Whiskey has been worked with every day since comming here. Today after our arena session I introduced her to the pack boxes. She was nervous for sure about them. But after I trotted her in hand with them for about 10 minutes she calmed down. Her first trail with them on will be wide so she can get used to them before she bangs them into a tree for the first time.
I'm impressed! That's a lot to deal with but I agree - that is the kind of mare who needs to work and the more she works, the better she will get. It's great to see her acquiring skills that will increase her value even further.
Today I ponied Whiskey up mt. Baldy in Enumclaw. We rode for about 3 hours. Up and down steep terrain. I reaffirmed my belief that it is great schooling to pony horses out on the trail behind an experienced trail horse before asking them to negotiate the terrain with a rider on board. At first Whiskey took interesting paths up and down the trail, cut corners, tripped on roots, etc. By the end she was paying attention and making good decisions about where to put her feet. Once she gets really good she will be ready for the next step. Oh, she got tired! Yay! She is a hard one to wear out! A little drawn up at the end of the ride. Took some long drinks along the way and a big one when we got home. I'm starting to give her a little alfalfa because she's been working hard.
Looks as wet as I thought it might be up there today. Wish I could have joined you, but "real work" kept me home and tied to the computer and house most of the day. Soon we'll hook up for a ride. WOuld love to see Whiskey rockin' on the trails around here!
Kathleen she looks like she's doing awesome with you! It seems like she's also getting more fit- which is great. It sounds like she's plugging right along and has really given up on being a snot. What a fabulous testament to the great things SAFE does to see a horse go through such a transformation.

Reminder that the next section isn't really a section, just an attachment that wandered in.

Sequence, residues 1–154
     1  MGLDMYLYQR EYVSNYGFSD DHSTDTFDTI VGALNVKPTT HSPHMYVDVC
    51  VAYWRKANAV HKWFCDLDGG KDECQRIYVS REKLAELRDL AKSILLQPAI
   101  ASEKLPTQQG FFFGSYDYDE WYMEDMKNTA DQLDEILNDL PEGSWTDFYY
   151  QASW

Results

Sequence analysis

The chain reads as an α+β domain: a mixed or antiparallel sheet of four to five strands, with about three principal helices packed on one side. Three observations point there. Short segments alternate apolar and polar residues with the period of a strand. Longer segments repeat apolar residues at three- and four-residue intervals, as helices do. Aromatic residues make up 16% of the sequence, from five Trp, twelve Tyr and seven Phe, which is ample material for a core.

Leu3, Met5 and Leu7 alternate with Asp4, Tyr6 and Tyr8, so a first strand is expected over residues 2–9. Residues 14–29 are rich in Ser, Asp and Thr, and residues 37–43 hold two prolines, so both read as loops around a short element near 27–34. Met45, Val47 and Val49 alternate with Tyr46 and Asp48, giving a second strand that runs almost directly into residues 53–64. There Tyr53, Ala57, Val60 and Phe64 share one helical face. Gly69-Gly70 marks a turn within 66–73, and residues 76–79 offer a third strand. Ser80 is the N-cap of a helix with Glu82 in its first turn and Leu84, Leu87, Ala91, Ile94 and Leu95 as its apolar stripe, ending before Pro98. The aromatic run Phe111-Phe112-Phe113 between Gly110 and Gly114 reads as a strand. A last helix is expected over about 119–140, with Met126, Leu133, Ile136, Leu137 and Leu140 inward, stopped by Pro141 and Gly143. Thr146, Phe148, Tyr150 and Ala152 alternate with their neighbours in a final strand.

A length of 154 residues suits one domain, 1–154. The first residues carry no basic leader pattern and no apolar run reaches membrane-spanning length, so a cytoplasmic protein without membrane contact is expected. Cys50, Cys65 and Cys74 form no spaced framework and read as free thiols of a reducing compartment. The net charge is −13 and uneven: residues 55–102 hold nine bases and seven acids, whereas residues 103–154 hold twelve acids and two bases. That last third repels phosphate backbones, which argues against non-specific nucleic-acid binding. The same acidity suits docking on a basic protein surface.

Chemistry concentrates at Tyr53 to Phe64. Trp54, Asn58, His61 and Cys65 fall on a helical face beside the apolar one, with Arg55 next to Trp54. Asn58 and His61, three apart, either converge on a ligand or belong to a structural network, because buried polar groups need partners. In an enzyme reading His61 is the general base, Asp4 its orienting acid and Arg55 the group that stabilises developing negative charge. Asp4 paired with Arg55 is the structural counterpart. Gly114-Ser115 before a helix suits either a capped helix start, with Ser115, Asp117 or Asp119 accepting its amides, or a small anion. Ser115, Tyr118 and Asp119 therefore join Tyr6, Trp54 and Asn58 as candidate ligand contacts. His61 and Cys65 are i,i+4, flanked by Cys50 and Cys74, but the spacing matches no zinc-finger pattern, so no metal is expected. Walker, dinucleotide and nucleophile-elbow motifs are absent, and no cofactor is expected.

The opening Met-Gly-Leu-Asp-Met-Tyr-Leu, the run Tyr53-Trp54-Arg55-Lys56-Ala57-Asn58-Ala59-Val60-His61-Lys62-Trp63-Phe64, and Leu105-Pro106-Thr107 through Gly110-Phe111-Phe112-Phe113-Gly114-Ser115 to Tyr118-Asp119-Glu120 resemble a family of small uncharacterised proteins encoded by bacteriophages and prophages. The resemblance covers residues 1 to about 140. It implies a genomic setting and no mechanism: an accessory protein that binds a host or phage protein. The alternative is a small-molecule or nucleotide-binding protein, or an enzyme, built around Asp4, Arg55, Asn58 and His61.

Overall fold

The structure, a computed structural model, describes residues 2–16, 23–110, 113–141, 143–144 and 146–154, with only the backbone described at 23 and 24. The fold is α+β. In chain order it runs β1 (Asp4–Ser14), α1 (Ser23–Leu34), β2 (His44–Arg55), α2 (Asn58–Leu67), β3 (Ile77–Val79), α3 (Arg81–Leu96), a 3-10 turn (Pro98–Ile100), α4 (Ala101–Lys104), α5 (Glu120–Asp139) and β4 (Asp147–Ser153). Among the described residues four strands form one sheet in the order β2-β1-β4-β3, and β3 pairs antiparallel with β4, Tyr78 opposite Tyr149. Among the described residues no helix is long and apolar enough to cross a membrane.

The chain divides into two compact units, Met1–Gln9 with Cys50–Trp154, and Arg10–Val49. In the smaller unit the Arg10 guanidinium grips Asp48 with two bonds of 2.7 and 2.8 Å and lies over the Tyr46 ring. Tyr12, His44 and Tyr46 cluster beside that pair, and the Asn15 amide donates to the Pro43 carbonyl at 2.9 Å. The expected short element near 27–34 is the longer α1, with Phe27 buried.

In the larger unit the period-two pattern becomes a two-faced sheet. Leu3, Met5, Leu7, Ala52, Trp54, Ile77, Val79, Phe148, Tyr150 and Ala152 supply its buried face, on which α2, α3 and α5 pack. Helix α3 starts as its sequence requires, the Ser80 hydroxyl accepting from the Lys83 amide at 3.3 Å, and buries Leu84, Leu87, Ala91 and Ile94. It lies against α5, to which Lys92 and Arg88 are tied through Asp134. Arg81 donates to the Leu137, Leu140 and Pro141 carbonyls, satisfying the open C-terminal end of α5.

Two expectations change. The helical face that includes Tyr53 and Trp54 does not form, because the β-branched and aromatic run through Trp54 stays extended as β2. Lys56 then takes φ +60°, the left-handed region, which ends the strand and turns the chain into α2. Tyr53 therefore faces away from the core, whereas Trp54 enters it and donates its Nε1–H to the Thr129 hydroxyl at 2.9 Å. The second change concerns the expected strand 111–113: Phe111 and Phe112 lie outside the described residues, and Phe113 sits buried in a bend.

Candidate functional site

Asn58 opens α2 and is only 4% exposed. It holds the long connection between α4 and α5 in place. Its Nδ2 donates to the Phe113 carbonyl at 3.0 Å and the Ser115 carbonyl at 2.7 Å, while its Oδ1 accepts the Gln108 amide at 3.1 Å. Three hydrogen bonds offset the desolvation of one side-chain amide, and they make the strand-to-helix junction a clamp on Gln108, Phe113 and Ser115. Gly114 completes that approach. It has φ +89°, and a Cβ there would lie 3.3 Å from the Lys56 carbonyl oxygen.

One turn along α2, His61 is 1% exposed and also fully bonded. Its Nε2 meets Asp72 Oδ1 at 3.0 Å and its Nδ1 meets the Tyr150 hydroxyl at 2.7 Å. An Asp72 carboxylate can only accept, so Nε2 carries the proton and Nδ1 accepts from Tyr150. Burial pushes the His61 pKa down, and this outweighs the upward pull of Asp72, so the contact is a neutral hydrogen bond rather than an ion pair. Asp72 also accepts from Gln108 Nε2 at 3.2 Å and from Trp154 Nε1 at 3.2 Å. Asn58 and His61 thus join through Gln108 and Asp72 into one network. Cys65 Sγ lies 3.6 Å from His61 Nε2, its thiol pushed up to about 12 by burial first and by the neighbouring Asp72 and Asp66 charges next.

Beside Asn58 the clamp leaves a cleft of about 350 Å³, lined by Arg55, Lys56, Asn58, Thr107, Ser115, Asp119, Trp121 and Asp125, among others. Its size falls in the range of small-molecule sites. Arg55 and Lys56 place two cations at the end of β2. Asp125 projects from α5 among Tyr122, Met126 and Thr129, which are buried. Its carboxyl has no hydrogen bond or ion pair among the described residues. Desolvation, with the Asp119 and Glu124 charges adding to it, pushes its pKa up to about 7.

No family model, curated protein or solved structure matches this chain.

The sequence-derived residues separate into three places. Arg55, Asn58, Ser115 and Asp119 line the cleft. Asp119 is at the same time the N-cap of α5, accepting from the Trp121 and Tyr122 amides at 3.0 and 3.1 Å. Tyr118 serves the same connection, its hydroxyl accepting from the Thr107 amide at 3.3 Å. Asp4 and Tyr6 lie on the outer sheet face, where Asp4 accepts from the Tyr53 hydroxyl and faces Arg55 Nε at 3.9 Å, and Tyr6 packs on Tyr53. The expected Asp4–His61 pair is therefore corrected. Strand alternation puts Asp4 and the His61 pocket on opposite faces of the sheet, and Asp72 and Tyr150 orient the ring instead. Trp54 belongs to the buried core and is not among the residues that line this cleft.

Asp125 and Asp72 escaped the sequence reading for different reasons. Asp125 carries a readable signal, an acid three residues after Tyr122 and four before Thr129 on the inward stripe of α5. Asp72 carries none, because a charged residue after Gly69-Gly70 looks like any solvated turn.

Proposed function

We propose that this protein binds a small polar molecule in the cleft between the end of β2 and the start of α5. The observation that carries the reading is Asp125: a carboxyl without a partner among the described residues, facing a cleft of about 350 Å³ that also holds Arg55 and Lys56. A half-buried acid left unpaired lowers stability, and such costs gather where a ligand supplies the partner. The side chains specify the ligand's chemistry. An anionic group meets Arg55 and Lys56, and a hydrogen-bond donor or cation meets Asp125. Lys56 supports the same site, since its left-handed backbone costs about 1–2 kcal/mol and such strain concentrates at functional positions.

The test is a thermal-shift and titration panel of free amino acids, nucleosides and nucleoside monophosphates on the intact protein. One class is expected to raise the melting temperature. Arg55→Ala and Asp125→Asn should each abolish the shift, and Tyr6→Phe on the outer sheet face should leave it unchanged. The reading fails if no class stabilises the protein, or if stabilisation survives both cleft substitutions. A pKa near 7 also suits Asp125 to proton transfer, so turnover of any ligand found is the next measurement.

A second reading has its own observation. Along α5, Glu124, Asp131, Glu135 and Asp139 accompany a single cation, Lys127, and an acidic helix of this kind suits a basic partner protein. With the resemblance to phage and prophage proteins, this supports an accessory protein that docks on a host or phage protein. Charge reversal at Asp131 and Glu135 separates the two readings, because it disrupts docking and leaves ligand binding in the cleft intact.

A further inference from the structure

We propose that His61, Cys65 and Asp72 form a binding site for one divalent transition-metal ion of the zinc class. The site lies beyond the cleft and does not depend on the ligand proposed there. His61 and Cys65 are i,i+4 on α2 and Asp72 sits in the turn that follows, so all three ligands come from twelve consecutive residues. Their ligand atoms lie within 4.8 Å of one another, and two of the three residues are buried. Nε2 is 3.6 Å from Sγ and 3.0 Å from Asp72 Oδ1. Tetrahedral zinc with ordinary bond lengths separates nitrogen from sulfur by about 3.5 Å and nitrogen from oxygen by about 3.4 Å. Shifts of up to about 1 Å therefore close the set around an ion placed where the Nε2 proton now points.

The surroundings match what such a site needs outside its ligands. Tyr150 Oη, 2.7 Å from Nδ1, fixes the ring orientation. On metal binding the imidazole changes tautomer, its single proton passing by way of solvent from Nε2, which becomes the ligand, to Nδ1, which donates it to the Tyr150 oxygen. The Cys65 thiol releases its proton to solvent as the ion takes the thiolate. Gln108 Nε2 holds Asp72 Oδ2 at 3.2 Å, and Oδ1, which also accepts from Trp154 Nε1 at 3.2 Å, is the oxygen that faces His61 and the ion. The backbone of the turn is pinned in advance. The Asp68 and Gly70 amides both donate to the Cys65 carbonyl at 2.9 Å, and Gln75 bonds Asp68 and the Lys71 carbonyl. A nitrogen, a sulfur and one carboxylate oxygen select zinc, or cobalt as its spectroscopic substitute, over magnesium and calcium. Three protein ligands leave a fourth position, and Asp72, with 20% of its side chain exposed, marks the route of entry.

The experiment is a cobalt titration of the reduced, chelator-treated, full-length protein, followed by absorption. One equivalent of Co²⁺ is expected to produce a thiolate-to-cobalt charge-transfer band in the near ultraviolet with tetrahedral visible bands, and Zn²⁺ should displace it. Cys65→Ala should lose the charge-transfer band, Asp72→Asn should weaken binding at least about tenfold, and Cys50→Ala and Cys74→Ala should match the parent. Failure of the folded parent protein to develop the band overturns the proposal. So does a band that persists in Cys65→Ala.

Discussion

I've been thinking about her head tossing and general riding with her nose up in the air that I've seen on the videos of her being ridden and experienced being on her. Looking at that last picture of her, doesn't it look like she has very little muscle in her neck? When I brush and scratch her I notice that her neck feels thin and soft. Would you think that she throws her head because her neck and top line muscles are not developed? Wednesday was the first time she went thru a whole lunging session with the side reins on without throwing her head or trying to evade the bit. She gave in and worked with slack in the side rein and a nice head set. I think she will need more work like that to build her neck up to make keeping in frame easier for her. Any other ideas on building up her neck and top line?
OK, here it is! The good, the bad, the ugly, then the not so bad... Video of Whiskey under saddle from today.
The second video is the most exciting. It shows Whiskeys little protest buck and then her almost running straight into the fence to avoid going into the canter after her buck. She is gate sour (but MUCH better than she was) so both her bucks were after passing the gate (its out of the video but there.) I did a lot of direction changing because she starts rushing at the trot. So when I feel her getting ready to pick up the pace, or bringing her head up, I make her change direction. I also do a lot of hand paddling working on keeping her head low. Not my normal riding style. Check them out and let me know what you think.
I think you did GREAT with her. You rode her on the kind of rein she likes - soft but not so long that you didn't have control. What I see is that she's a little sour and she's still very strung out at the canter so she had her little protest, you growled at her and made her quit and then she pretty much gave up, which is the behavior I expect based upon everything I've ever heard about this mare. It's like the backup at the beginning - she says no, you say "no isn't a choice" and then she backs.
I do the same thing you do when they're fast - just pitch them into a turn and let them figure it out. That's the right thing to do with this mare and you'll notice she's not throwing her head with you, because you're not trying to slow her down via her mouth.